Tuesday, December 20, 2011

The Mounties got their man - and he's got their number

Well, here's confirmation of what many of us have already figured out: Something's really wrong with the RCMP.
The new "top cop," RCMP Commissioner Bob Paulson, was in this morning's Globe promising to take extreme action to end the culture of bullying and history of botched investigations inside the RCMP.
What the heck happened to these guys, anyway? When I was a kid, being accepted into the RCMP was like a statement that you were smarter, more ethical, in better shape and certainly more dedicated than the average Canadian.
I don't know if that was a myth all along that has now been stripped away by one too many media stories about some drunk, violent, misogynist or otherwise disturbed RCMP officer doing something horrible. Or did something bad happen to what was once a noble profession in the intervening years?
At any rate, good luck to the changemakers. The concept of a national, well-trained and highly professional police force still appeals.
But trying to change culture is an extremely difficult undertaking that requires years of consistent, focused leadership that never wavers. Very few organizations have the long-term vision and stability to be able to pull it off.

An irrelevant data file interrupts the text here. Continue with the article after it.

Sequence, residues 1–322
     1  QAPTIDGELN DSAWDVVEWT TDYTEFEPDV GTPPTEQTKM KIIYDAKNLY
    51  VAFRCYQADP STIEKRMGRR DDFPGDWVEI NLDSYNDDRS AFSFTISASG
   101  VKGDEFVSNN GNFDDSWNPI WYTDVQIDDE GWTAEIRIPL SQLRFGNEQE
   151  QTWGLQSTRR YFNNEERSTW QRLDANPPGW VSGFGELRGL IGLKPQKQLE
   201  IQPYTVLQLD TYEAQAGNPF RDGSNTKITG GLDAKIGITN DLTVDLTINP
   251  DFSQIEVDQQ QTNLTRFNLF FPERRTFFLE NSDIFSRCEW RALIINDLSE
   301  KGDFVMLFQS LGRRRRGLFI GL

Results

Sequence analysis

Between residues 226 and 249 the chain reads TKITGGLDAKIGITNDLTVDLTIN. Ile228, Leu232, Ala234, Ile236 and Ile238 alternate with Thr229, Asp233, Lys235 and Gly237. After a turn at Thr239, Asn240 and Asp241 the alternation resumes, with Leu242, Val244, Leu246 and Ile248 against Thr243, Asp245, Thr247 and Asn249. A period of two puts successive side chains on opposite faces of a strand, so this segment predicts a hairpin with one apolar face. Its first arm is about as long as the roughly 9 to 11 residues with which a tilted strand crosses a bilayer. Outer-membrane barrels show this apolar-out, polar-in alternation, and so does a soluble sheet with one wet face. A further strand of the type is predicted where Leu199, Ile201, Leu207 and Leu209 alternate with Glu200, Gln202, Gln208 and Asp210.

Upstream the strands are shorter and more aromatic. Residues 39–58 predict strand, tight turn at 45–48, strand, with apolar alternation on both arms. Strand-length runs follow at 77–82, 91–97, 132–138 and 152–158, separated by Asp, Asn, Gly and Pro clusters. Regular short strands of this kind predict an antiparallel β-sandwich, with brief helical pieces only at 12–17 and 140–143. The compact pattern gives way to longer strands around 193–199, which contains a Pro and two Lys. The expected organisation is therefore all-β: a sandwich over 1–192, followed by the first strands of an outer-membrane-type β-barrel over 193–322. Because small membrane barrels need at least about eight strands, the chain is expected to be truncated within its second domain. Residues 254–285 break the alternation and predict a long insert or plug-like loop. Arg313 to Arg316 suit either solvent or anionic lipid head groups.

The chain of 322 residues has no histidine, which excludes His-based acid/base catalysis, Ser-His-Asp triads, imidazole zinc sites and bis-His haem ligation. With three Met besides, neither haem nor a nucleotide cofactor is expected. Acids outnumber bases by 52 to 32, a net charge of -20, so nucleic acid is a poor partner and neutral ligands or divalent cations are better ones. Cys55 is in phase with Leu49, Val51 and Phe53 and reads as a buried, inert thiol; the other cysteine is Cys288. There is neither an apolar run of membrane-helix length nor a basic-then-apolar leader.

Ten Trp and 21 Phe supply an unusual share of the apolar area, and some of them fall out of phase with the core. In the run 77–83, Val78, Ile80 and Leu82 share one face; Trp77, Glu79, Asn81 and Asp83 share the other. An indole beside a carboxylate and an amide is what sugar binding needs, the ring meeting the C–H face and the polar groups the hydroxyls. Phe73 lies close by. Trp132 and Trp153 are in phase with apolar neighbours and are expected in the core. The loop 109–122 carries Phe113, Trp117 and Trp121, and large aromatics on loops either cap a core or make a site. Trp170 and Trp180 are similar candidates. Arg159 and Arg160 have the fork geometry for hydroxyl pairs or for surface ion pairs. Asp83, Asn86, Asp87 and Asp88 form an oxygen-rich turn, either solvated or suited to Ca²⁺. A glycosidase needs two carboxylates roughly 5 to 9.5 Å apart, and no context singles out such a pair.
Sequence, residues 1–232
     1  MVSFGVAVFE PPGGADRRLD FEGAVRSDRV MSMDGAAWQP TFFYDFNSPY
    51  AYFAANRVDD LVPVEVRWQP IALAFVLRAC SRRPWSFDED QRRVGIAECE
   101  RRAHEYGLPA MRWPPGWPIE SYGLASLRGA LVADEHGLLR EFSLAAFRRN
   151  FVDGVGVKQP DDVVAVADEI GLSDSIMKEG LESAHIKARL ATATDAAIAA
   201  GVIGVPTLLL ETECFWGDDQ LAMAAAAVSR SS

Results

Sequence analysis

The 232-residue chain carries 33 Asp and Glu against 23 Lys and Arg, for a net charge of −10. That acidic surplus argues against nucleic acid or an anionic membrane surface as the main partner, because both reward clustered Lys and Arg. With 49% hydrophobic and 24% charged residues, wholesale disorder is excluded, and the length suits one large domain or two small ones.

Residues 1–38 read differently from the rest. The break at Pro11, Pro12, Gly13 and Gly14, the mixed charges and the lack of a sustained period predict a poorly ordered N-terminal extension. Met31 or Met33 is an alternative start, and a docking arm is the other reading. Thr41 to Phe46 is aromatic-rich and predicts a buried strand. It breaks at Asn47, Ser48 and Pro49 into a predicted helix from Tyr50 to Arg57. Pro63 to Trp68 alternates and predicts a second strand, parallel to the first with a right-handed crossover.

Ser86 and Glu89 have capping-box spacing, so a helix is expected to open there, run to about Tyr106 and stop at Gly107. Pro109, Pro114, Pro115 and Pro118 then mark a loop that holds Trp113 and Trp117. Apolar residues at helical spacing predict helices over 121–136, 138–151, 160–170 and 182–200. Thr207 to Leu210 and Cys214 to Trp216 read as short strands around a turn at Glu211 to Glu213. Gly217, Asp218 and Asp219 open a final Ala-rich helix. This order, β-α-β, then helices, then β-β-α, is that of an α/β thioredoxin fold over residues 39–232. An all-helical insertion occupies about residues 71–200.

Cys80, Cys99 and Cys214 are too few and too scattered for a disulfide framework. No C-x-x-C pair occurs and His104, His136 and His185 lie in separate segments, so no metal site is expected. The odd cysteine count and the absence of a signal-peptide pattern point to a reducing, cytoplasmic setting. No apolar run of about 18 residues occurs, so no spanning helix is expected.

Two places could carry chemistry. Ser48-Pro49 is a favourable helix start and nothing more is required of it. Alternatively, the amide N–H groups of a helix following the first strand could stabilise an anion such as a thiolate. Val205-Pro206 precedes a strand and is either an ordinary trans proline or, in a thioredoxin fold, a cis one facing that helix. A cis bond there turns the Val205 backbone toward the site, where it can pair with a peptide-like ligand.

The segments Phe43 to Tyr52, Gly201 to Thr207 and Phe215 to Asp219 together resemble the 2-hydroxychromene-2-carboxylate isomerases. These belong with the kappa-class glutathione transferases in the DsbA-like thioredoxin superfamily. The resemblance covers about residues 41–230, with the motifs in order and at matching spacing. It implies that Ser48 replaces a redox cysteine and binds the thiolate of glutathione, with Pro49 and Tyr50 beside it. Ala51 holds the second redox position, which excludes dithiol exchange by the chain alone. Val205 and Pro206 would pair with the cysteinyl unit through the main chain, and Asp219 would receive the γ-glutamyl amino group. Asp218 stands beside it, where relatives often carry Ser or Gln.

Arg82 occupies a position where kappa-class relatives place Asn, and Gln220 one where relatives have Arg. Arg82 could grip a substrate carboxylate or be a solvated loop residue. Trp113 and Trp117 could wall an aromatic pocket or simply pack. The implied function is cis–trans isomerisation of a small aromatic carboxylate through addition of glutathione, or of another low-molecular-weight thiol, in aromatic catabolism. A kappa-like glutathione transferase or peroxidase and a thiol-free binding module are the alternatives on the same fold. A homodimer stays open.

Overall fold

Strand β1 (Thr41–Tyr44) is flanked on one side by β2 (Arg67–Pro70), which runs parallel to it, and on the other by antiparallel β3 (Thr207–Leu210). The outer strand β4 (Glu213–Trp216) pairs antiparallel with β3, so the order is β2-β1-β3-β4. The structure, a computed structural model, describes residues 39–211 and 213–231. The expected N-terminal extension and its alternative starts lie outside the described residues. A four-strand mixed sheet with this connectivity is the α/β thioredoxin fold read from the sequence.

You need compelling leadership to make it happen, but it's still bottom-up stuff. There's no way to force a change in culture from the top down. Just ask the Ministry of Children and Family Development about that.
My sympathies to the many good RCMP officers who have been tarred by a rogue culture and a few bad apples. But there's no question that something is deeply off-kilter inside the force.

1 comment:

e.a.f. said...

You may not be able to change attitudes but you can change behaviour. All the new head of the RCMP has to do is make it clear, if you bully, harass, kill, etc. you are fired. Once people understand that this is the new rule there will be changes in behaviour.

Part of the problem with the RCMP is they lost touch with who they were and headquarters became bureacrats who lost touch with the field and only were interested in their own careers.

You are right, back in the day, to get into the RCMP you had to be better than the average person and it showed. There were rules and they had to be followed. RCMP officers did not cover for each other. They told the truth. Oh, ya and the officers themselves had more pride in their roles.